Opinion | International

Let's stop revising history: Reagan didn't win the Cold War

The views expressed by contributors are their own and not the view of The Hill

Well, they've done it again. And again. Whether blinded by ideological bias or suffering from a dearth of facts, conservative commentators still attribute the collapse of the Soviet Union to Ronald Reagan's confrontational approach to the "evil empire." But the historical record points to an entirely different reality: Reagan's deeply personal diplomatic engagement with a moderate, reform-minded Soviet leader fostered the liberalizing changes that ushered in the collapse of the USSR.

With significant implications for contemporary foreign policy - from Iran to North Korea - it is important to get history right. And the Trump administration has it dead wrong.

Yes, Reagan entered office embracing a bombastic, confrontational approach to the Soviet Union. He also went on a massive defense spending spree which - in the wake of enormous tax cuts for the wealthy - led to staggering increases in federal debt. But then things changed dramatically. Following a series of summit meetings with Soviet premier Mikhail Gorbachev, Reagan softened his stance toward the Soviet Union.

Indeed, most Americans are unaware that Reagan recanted his description of the Soviet Union as an "evil empire," dismissing his confrontational rhetoric as a relic of "another time, another era."

In a remarkable scene that some arch-conservatives seem to have forgotten, Reagan warmly embraced Gorbachev as the two world leaders casually chatted with cheering Soviet citizens while strolling through Moscow's Red Square.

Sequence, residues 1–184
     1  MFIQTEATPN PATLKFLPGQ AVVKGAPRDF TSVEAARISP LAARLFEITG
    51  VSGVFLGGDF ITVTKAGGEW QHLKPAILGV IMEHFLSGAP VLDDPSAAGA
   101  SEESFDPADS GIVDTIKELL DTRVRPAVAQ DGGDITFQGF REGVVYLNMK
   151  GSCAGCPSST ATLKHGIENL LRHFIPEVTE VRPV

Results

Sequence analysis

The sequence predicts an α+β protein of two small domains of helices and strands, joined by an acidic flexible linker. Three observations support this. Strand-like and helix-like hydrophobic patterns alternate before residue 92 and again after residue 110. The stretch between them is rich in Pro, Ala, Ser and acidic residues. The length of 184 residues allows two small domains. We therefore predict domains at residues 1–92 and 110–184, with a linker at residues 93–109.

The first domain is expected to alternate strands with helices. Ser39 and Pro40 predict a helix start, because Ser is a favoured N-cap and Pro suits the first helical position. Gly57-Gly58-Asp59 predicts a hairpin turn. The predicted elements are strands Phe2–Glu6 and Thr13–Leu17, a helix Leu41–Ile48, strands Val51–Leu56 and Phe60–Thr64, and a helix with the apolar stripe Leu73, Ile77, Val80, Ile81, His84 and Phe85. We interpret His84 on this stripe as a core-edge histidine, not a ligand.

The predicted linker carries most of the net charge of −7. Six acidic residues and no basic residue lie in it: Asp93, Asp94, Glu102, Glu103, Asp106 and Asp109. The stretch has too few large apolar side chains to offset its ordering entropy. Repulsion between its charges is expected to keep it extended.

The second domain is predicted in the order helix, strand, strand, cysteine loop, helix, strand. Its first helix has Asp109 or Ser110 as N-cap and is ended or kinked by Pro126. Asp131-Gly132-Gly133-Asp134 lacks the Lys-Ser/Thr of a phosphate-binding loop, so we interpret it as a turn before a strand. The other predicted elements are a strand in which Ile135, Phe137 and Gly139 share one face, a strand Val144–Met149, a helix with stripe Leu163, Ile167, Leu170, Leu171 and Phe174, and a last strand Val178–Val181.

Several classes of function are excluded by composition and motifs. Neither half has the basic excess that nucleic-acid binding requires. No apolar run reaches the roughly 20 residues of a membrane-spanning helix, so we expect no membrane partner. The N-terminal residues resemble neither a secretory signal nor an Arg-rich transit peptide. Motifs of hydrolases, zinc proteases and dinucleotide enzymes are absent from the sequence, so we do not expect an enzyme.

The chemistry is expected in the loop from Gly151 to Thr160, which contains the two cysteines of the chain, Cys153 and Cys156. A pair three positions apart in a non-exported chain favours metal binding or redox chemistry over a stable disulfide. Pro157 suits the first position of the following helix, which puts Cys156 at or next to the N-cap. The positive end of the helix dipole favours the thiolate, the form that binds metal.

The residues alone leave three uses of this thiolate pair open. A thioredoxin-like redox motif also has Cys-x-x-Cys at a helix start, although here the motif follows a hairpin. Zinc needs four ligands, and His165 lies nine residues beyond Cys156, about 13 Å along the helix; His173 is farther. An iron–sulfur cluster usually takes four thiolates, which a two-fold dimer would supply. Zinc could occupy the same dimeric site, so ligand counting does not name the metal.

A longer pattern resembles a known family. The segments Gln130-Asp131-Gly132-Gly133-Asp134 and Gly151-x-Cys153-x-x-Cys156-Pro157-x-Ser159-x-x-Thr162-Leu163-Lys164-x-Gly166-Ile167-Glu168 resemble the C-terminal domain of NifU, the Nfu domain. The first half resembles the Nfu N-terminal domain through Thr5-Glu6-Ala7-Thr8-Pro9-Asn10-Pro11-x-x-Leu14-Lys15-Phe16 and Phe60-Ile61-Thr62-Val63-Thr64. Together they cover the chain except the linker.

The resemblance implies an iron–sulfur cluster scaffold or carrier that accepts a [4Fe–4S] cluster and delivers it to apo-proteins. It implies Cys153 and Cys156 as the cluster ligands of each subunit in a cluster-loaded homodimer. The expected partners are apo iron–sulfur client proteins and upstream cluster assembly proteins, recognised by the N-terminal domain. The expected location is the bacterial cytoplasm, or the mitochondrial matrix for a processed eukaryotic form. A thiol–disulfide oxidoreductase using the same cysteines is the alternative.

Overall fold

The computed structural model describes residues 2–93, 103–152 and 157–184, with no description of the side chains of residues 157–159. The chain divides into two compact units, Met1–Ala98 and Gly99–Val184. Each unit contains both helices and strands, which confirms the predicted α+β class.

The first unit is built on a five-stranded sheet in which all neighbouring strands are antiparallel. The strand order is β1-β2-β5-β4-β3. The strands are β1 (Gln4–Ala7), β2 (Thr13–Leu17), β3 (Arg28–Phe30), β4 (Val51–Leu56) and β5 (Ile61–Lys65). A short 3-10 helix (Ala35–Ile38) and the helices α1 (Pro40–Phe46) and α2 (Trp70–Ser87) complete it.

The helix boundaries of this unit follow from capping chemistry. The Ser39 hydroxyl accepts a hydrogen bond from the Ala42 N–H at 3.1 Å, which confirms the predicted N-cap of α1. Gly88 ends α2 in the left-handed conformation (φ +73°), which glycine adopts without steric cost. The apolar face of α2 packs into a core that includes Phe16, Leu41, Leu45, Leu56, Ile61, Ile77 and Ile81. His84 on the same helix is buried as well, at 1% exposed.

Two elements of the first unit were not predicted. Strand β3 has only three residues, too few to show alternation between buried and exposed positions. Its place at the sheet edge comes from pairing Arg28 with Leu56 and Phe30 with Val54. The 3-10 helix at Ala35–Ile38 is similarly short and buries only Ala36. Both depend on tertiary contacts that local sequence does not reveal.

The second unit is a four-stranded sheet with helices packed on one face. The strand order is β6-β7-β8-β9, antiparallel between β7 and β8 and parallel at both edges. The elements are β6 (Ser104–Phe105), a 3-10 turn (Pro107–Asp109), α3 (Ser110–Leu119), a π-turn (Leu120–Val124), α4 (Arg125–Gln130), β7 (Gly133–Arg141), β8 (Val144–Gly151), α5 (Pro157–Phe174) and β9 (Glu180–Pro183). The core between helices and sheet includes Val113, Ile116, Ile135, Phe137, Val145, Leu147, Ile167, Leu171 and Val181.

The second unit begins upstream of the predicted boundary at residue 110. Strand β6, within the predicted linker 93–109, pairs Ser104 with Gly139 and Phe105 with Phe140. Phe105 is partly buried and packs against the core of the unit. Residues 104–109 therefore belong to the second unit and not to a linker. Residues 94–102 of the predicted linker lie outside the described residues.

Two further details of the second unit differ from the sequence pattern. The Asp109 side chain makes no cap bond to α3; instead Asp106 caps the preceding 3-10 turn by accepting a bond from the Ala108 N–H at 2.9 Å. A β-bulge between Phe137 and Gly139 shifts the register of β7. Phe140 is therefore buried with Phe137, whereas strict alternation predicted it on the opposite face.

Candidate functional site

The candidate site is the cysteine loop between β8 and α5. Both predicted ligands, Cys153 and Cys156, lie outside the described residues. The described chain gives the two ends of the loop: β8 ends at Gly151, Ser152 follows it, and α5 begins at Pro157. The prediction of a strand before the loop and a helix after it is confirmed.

Far too many contemporary conservatives also conveniently forget that Reagan took enormous flak from his own hard-right flank in response to his diplomatic overtures to Gorbachev. According to George Will, Reagan's embrace of Gorbachev "accelerated the moral disarmament of the West." William F. Buckley blasted Reagan, claiming that his shift from confrontation to diplomacy amounted to "changing our entire position toward Adolf Hitler." How spectacularly wrong they were.

Indeed, many conservative commentators would prefer to sweep these historical nuances under the rug. These realities also directly contradict a deeply ideological (and ahistorical) narrative that - short of war - massive defense buildups, bellicosity and tough talk bring authoritarian regimes to their knees.

With access to thousands of pages of Soviet records, oral histories and memoirs, we now know that the confrontational approach that defined Reagan's first few years in office had very little, if any, impact on Soviet strategic decisionmaking. In fact, the antagonism of Reagan's early presidency likely prolonged the Cold War by elevating hardline, anti-American voices over those of moderate reformers like Gorbachev.

Reagan's true Cold War legacy is rooted in his deeply personal diplomatic engagement with Gorbachev. Reagan's embrace of Gorbachev and praise for his reforms gave the Soviet leader the latitude to enact the political and social changes - perestroika, glasnost, demokratizatsiya - that ultimately caused the collapse of the Soviet Union.

Indeed, Reagan foreshadowed all of this in early 1984, writing in his diary: "If we opened [the Soviet Union] up a bit, their leading citizens would get braver about proposing changes in their system."